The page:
Positron emission tomography (PET) scans are used to produce detailed 3-dimensional images of the inside of the body.
A PET scan helps reveal how your tissues and organs are functioning. A PET scan uses a radioactive tracer to show this activity. This scan can sometimes detect disease before it shows up on other imaging tests.
PET scans are combined with CT scans to produce even more detailed images. This is known as a PET/CT scan.
Why PET/CT scans are used
A PET/CT scan is useful in revealing or evaluating several conditions, including many cancers, heart disease and brain disorders.
Blackrock Clinic uses the referral criteria, ‘iRefer Guidelines, Making the Best Use of Clinical Radiology’. These guidelines are considered when requesting a diagnostic radiology/nuclear medicine examination.
How PET/CT scans work
PET/CT scanners work by detecting the radiation given off by a substance injected into your arm called a radiotracer as it collects in different parts of your body.
In most PET scans a radiotracer called fluorodeoxyglucose (FDG) is used, which is similar to naturally occurring glucose (a type of sugar) so your body treats it in a similar way.
By analysing the areas in which the radiotracer may or may not be active, it is possible to work out how well certain body functions are working and identify any abnormalities.
For example, a concentration of FDG in the body’s tissues can help identify cancerous cells as cancer cells use glucose at a much faster rate than normal cells.
Preparing for a PET/CT scan
PET/CT scans are carried out on an outpatient basis. This means you won’t need to stay in hospital overnight.
It is important to arrive on time for your scan as the radiotracer used has a short shelf-life and your scan may be cancelled if you are late.
Your appointment letter will include all preparation needed before your appointment. You will be advised not to eat anything for 6 hours beforehand.
Drinking is allowed, however you may only drink plain, unflavoured water. You should also avoid strenuous exercise for 24 hours before your appointment.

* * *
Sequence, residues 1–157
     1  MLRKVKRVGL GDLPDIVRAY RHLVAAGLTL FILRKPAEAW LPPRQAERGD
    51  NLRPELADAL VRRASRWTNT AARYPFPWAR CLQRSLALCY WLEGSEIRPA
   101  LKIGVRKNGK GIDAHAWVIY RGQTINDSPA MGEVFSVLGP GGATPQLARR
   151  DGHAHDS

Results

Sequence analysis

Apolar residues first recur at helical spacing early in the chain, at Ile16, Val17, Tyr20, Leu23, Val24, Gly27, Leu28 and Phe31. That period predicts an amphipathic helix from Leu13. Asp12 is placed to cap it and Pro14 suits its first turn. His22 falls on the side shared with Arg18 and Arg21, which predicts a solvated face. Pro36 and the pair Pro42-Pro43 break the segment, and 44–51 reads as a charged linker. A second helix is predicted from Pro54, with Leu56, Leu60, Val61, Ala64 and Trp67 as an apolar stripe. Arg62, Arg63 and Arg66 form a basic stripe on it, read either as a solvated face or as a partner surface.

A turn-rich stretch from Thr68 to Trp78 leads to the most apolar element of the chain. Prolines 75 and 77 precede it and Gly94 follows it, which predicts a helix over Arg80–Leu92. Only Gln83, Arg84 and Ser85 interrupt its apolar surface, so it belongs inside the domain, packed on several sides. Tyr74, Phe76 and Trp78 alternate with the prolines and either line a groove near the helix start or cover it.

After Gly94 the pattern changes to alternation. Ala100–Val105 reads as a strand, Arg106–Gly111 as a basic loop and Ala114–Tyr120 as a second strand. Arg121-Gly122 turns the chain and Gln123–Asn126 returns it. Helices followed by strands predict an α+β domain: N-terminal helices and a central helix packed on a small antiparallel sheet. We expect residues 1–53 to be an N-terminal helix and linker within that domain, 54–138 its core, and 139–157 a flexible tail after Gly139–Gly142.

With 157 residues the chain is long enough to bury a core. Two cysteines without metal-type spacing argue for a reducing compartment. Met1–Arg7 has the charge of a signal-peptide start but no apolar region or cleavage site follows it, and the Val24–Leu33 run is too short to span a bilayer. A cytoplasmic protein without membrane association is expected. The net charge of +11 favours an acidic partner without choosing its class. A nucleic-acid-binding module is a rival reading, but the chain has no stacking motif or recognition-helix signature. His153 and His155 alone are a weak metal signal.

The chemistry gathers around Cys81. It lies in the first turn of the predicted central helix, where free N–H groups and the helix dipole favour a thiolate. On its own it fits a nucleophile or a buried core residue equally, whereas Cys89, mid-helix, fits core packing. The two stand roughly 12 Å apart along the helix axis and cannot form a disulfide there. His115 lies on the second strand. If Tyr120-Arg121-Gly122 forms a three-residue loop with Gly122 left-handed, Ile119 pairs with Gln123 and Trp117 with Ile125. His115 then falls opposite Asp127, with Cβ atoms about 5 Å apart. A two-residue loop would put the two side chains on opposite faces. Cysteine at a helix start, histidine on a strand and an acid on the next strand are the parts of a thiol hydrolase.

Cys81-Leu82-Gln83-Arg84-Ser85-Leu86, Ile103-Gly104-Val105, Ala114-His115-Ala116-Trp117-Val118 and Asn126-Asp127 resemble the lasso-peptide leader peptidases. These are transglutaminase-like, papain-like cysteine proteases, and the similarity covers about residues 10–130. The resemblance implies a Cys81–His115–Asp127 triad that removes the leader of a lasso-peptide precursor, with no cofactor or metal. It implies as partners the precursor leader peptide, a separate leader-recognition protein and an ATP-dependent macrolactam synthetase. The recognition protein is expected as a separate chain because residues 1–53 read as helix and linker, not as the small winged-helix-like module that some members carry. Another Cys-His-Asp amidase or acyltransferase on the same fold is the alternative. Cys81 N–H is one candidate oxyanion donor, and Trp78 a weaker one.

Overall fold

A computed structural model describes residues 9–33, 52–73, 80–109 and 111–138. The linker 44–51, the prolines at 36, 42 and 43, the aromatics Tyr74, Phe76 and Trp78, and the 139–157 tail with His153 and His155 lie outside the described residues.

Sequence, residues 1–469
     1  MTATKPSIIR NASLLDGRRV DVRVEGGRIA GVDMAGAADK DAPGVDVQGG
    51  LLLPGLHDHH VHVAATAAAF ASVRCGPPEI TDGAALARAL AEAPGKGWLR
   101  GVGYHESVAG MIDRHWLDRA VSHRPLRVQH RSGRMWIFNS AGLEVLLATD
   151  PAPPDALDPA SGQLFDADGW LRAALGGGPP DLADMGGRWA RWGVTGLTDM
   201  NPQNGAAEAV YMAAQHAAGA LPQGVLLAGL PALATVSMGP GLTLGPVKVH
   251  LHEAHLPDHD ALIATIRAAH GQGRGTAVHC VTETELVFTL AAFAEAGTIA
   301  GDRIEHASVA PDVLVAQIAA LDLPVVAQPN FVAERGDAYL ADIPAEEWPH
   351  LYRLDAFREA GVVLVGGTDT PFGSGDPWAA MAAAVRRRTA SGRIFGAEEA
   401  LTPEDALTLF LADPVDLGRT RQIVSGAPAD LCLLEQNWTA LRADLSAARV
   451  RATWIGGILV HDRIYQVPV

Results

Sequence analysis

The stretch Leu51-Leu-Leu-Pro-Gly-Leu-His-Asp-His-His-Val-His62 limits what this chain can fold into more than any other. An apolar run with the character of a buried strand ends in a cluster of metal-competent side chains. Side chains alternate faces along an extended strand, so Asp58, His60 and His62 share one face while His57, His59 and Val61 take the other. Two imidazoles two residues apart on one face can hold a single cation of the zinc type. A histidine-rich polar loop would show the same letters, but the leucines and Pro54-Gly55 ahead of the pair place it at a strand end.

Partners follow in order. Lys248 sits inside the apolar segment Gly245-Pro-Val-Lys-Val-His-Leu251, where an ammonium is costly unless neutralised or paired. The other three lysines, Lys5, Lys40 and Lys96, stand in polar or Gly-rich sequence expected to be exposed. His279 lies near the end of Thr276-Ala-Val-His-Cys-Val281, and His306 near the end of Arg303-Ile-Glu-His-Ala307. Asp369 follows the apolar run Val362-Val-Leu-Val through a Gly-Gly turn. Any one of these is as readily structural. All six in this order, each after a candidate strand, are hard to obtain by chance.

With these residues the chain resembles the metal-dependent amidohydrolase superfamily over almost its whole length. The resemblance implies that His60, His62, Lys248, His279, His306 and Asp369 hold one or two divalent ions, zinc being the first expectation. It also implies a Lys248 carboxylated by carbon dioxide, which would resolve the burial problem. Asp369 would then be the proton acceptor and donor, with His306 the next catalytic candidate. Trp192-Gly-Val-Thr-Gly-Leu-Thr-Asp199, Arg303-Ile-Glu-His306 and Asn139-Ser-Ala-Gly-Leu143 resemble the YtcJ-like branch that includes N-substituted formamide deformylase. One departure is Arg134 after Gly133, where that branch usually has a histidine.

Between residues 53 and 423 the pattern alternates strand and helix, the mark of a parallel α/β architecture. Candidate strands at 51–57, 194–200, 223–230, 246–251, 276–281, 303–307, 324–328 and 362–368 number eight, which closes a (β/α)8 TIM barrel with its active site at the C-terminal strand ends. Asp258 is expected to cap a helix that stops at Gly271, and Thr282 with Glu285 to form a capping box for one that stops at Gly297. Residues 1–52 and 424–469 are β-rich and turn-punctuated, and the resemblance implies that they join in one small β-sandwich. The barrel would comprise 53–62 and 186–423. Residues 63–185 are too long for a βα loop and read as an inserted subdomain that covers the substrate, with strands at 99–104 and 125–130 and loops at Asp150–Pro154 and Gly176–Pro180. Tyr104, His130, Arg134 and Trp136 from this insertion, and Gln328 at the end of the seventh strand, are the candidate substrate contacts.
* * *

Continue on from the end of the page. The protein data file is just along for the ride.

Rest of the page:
It is advised to wear loose, comfortable clothes. It may be possible to wear these during the scan, although you may be asked to change into a hospital gown.
Avoid wearing jewellery and clothes that have metal parts, such as zips, because these will need to be removed.
What happens during the scan
Before the scan, the radiotracer is injected into a vein in your arm or hand. You will need to then rest quietly for about an hour, in an uptake room, to allow the radiotracer to be absorbed by the cells in your body.
It is important to relax, keep as still as possible, and to avoid talking or reading while you wait as these activities will affect the radiotracer uptake and the resultant scan.
You will be asked to go to the toilet before having the scan.
During the scan, you lie on a flat bed that’s moved into the centre of the large, cylindrical scanner.
You must stay still while the scan takes place.
The scan can take up to 30 minutes. Having the scan is completely painless, but you may feel uncomfortable lying still for this long.
The operating radiographer can see and hear you throughout your scan. If you feel unwell or need assistance at any point you can signal or call out to the radiographer and they will be with you immediately.
After the scan
You shouldn’t experience any side effects after having a PET scan and can go home soon afterwards.
The results of your scan will not be available on the same day, however they will be sent to your specialist within 48 hours of your scan.
Are there any risks?
The amount of radiation you receive is small and the risks are low, similar to that of other radiological tests.
The radiotracer you receive becomes less radioactive over time and will usually be passed out of your body naturally within a few hours. Drinking plenty of fluid after the scan can help flush it from your body.
As a precaution, you will be advised to avoid prolonged close contact with pregnant women, babies or young children for a few hours after having a PET scan as you will be slightly radioactive during this time.
Patient Information Download: PET/CT Scan